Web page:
Archive for the ‘autumn’ Category

autumn song

September 26, 2019

Out of a kind of desperation to avoid rifling through the list of my personal woes, I’ve started reading a copy of Virginia Woolf’s Moments of Being I purchased from the friends of Richmond County Library a month ago.  I was drawn to it since it was the first collection of Virginia Woolf’s writing I acquired some few years earlier than my senior year at UC Berkeley where/when I would write my honors thesis on The Waves.  I think it was the title which, combined with the patina of Woolf’s high-brow literary rep, drew the “young” me to purchasing it those many decades past, although I can’t recall feeling much affinity with her writing at the time.

What is ringing through me now is a section from her “A Sketch of the Past.”

From this I reach what I call a philosophy; at any rate it is a constant idea of mine; that behind the cotton wool is hidden a pattern; that we – I mean all human beings – are connected with this; that the whole world is a work of art; that we are parts of the work of art.  Hamlet or a Beethoven quartet is the truth about this vast mass that we call the world.  But there is no Shakespeare, there  is no Beethoven; certainly and emphatically there is no God; we are the words; we are the music; we are the thing itself.

Awake this morning sometime around 5:30, I went out to greet the Moon & Regulus rising over the river.  As I sat with my 2 black cats in the dark, I was entranced by the songs of the night insects.  I thought of how few the days and hours that they have left before winter arrives.  That they know or don’t doesn’t signify:  they sing because they are here.  They are the music, while they’re on Earth, just as we are.  When one – or all – are finished, the next generation will take up the singing.  A listener such as myself may not notice the relay, but that act too is part of the symphony.

Over three decades ago to this very day, I began a friendship that most likely will not last another year’s journey around our modest sun.  What the insects’s song reminds me, however, is that my friend’s magic existed in the world before he arrived.  It awaited him to take up his role in weaving the song, to make his contribution, and it will be carried on by another after he is gone.  What is most precious about him – what compelled me to treasure him from the moment we met and to continue despite the ups-and-downs of our complicated relations – cannot disappear because it is inseparable from the essence of beauty and truth in this world and cannot be lost.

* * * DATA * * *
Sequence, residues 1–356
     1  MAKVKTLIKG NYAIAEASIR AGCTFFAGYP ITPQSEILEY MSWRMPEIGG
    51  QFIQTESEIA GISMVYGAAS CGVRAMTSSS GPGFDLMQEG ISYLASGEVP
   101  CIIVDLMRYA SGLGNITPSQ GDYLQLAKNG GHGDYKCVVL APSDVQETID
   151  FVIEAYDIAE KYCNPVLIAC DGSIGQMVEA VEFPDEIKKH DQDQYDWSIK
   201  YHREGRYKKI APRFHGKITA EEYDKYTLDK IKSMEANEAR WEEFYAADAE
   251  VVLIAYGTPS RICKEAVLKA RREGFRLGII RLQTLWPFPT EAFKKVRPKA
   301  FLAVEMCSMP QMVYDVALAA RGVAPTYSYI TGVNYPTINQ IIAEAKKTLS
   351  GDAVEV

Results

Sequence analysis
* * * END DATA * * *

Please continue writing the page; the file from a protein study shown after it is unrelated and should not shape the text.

Of course, my sadness is ultimately, and embarrassingly, for myself.  My inability to grasp what chords I am going to contribute becomes more apparent when I view my life through the lens of my friend’s imminent passing.  Such questions as what will my song be and how much time will I have once I have found my voice tug me into wakefulness and push me out-of-doors at strange hours into the only world we have ever – and will ever – know.

At the river’s edge

October 15, 2017

After becoming acquainted with the ravens out west, I find the eastern crows as tiny as grackles.  Still they’re courageously obstreperous.  Outsized by the bald eagle perched on the branches of the hickory outside my window, they still insist on its immediately withdrawal.

Don’t get me wrong:  I love the bald eagles.  I can’t believe that I can sit here at the dining room table and watch them wheel through the sky or hop across the lawn that stretches down to the bluff over the Potomac.  Wherever I am in the house, I can hear their cascading cries.  This domain of water and raptors is a kingdom I’ve never known.